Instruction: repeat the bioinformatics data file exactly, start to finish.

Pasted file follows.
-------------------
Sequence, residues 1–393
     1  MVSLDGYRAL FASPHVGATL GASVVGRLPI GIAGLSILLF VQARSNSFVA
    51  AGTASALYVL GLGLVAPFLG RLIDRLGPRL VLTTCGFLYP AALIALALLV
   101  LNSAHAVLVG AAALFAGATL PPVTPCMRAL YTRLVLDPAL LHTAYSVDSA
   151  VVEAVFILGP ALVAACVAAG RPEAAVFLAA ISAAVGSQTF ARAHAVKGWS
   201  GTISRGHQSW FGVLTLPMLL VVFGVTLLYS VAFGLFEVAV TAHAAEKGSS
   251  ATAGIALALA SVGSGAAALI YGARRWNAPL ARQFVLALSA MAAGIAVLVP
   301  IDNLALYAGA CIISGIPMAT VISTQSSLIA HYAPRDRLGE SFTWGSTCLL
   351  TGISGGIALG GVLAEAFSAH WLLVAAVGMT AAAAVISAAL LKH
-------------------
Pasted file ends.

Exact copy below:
Sequence, residues 1–393
     1  MVSLDGYRAL FASPHVGATL GASVVGRLPI GIAGLSILLF VQARSNSFVA
    51  AGTASALYVL GLGLVAPFLG RLIDRLGPRL VLTTCGFLYP AALIALALLV
   101  LNSAHAVLVG AAALFAGATL PPVTPCMRAL YTRLVLDPAL LHTAYSVDSA
   151  VVEAVFILGP ALVAACVAAG RPEAAVFLAA ISAAVGSQTF ARAHAVKGWS
   201  GTISRGHQSW FGVLTLPMLL VVFGVTLLYS VAFGLFEVAV TAHAAEKGSS
   251  ATAGIALALA SVGSGAAALI YGARRWNAPL ARQFVLALSA MAAGIAVLVP
   301  IDNLALYAGA CIISGIPMAT VISTQSSLIA HYAPRDRLGE SFTWGSTCLL
   351  TGISGGIALG GVLAEAFSAH WLLVAAVGMT AAAAVISAAL LKH